“I hope that, going forward, Americans will keep in mind that the men and women who served in Iraq did so honorably and nobly and that they and their families sacrificed greatly for our nation. They deserve the gratitude of the nation that sent them — again and again and again — to war.” – This, my friend, is the only honorable thing you said in your whole article and these two sentences couldn’t be truer. I am proud of my husband and I am proud of the men and women of the United States Armed Forces no matter which war they fought.

  11. I’m stunned by the reaction to this thoughtful article. Her message was pretty obvious: It’s unfortunate that soldiers who sacrificed so much in Iraq return to a nation sharply divided about their mission there. How is this offensive? This is reality.

  12. First: I agree that the headline that CNN added immediately frames the article in a divisive way.

    But, even after rereading the article, and reading your update, I think that while your intentions were probably good, your delivery was not.

    Additionally, I don’t see how the paragraph you used to defend your viewpoint in your update does anything to change that.

    In my opinion, the entire article is a confusing and contradictory argument, and
    no matter your rationale or thought process, the article created a division and difference between veterans that supports the headline that CNN added — even if that wasn’t your intention. And even if you were trying to do the opposite.

    I’ve never witnessed this division from anyone else; not in the press, and not from anyone I’ve met or talked to about my service. Neither have any of my friends who are recent veterans.

    And, as an Army wife, you’re speaking for a lot of people when you write for a national publication. So, people will be angry if they feel like you got it wrong.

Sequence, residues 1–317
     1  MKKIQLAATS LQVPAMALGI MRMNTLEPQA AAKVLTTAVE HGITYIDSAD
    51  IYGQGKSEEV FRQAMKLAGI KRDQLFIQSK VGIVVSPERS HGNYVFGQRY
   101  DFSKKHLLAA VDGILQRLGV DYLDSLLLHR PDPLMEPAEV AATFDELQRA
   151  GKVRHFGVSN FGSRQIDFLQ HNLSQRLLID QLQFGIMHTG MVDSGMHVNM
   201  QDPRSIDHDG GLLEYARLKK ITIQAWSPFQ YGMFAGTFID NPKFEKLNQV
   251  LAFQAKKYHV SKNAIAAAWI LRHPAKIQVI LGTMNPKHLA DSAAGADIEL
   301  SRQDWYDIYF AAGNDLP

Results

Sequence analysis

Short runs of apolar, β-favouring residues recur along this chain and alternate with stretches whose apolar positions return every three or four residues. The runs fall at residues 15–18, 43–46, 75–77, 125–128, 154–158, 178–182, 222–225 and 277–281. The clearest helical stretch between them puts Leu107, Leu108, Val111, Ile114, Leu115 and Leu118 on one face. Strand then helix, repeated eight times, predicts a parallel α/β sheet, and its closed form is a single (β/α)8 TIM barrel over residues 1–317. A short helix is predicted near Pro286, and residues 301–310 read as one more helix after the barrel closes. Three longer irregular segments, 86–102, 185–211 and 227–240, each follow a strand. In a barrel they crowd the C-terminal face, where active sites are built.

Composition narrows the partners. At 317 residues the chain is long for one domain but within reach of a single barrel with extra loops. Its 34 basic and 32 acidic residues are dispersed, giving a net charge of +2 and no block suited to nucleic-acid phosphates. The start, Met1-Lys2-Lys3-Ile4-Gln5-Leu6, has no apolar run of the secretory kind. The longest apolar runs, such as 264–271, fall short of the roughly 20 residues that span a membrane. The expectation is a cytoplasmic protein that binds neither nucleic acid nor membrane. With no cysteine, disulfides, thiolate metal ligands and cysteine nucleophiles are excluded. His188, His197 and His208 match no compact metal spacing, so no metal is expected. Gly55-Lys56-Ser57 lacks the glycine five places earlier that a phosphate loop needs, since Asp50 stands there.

And I think you did.

    Personally, despite how this article reads, I’m sure you’re a strong supporter of all veterans. I also think that you made a mistake, and didn’t totally think through the effect your article might have, and how it might be interpreted.

    It’s okay to own up.

  13. Proud Marine WIfe

    I am one that read and reread to make sure I was reading things right. I even took a break and came back to it to see if I could calm down but that didn’t work either. I’m sure that you didn’t mean to come off offensive by the words that you said but you picked the worst time to write an article like this. Thousands of families are going to be celebrating Christmas without their loved ones this year (again) and now they have read an article about how their loved ones are in a “bad war” which is offensive. Your article made yourself and your husband sound better than others just because he never went to Iraq. Be thankful that your husband is alive because many people have lost their spouses, parents, brothers, sisters, etc fighting in the war that you apparently yourself look down upon. Really? Why was your article even necessary? People have their opinions about the war and the troops as it is and now that an Army wife has contributed her negative thoughts to society, they will now think that it is acceptable. Your husband shouldn’t have joined the Army to get some type of self worth and respect from others by doing so. People join the military because they want to and they want to know that they contributed something to this country and they don’t care if others support them or not. Because in their own minds, they have done good for their country and played a part in keeping this country safe. Like others have said, own up to your mistake already!